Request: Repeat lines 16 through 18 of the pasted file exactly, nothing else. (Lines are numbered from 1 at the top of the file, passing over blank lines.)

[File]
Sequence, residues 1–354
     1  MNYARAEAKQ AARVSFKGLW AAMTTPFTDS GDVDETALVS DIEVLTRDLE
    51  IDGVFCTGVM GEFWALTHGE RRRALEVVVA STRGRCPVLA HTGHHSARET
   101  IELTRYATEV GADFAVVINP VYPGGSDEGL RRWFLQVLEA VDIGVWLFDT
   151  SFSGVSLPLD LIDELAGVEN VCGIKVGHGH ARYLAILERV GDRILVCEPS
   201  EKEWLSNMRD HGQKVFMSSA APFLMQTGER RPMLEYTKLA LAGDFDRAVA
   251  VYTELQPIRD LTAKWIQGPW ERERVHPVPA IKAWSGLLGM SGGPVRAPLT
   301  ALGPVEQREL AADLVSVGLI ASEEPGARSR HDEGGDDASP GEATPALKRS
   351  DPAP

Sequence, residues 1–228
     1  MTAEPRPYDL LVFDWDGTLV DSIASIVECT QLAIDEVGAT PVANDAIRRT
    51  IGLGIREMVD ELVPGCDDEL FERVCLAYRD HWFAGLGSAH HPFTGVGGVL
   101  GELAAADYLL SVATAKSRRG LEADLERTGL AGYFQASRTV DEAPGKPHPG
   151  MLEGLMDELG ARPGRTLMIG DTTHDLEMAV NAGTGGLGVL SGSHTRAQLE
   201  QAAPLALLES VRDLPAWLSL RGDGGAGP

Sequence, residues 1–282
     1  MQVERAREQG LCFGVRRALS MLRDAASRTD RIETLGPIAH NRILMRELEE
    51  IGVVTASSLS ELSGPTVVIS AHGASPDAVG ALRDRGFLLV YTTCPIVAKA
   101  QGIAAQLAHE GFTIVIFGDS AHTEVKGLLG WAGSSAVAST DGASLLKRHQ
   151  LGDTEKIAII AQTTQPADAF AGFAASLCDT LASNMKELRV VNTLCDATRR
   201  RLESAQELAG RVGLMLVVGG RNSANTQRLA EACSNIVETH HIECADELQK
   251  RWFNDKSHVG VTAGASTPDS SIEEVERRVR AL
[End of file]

Sequence, residues 1–282
     1  MQVERAREQG LCFGVRRALS MLRDAASRTD RIETLGPIAH NRILMRELEE
    51  IGVVTASSLS ELSGPTVVIS AHGASPDAVG ALRDRGFLLV YTTCPIVAKA